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It's Been Said Before

By Orin Hargraves

It's Been Said Before "examines why certain phrases become clichés and why they should be avoided -- or why they still have life left in them."

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Sounds Fascinating

By J. C. Wells

How do you pronounce biopic, synod, and Breughel? - and why? Do our cake and archaic sound the same? Where does the stress go in stalagmite? What's odd about the word epergne? As a finale, the author writes a letter to his 16-year-old self.

Academic Paper

Title: On the anatomy of a chain shift
Author: Daniel A. Dinnsen
Institution: Indiana University Bloomington
Author: Christopher R Green
Email: click here TO access email
Institution: Syracuse University
Author: Judith A. Gierut
Institution: Indiana University
Author: Michele L. Morrisette
Institution: Indiana University
Linguistic Field: Language Acquisition; Phonology; Typology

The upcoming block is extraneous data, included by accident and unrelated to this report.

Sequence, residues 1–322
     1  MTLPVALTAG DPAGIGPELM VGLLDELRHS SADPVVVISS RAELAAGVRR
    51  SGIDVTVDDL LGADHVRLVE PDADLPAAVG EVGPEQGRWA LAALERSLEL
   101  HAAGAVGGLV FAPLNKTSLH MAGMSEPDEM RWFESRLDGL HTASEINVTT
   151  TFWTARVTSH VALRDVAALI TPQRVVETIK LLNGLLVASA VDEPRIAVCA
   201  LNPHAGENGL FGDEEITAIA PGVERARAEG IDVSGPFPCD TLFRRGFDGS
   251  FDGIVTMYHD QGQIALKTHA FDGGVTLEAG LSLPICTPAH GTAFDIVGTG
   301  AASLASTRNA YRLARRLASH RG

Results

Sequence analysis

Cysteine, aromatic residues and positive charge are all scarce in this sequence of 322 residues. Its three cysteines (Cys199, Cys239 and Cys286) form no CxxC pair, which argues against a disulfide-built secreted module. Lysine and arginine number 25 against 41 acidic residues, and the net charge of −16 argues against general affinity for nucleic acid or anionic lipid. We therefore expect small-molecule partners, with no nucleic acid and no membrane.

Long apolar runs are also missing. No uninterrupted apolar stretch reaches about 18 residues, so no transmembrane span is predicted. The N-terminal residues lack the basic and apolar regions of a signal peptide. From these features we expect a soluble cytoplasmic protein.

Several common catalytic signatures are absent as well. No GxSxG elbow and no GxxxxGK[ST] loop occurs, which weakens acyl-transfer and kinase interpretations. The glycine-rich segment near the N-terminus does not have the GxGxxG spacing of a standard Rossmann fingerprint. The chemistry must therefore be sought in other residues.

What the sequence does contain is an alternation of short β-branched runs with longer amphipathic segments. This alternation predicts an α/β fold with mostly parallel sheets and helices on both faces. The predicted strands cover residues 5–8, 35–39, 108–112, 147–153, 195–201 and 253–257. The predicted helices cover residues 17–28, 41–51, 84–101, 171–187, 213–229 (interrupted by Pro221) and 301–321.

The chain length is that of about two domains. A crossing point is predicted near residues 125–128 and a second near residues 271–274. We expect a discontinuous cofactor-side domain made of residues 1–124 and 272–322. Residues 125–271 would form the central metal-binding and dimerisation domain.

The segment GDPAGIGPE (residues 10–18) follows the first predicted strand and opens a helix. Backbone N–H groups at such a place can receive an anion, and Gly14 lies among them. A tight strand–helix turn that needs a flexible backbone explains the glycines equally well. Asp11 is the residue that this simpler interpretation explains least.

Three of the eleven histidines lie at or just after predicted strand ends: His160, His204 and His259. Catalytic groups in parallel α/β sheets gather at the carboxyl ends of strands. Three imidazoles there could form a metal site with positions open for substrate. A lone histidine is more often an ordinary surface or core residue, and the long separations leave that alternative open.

Abstract: Phonological chain shifts have been the focus of many theoretical, developmental, and clinical concerns. This paper considers an overlooked property of the problem by focusing on the typological properties of the widely attested ‘s>θ>f’ chain shift involving the processes of Labialization and Dentalization in early phonological development. Findings are reported from a cross-sectional study of 234 children (ages 3 years; 0 months–7;9) with functional (nonorganic) phonological delays. The results reveal some unexpected gaps in the predicted interactions of these processes and are brought to bear on the evaluation of recent optimality theoretic proposals for the characterization of phonological interactions. A developmental modification to the theory is proposed that has the desired effect of precluding certain early-stage grammars. The proposal is further evaluated against the facts of another widely cited developmental chain shift known as the ‘puzzle>puddle>pickle’ problem (Smith ).


This article appears IN Journal of Linguistics Vol. 47, Issue 2.

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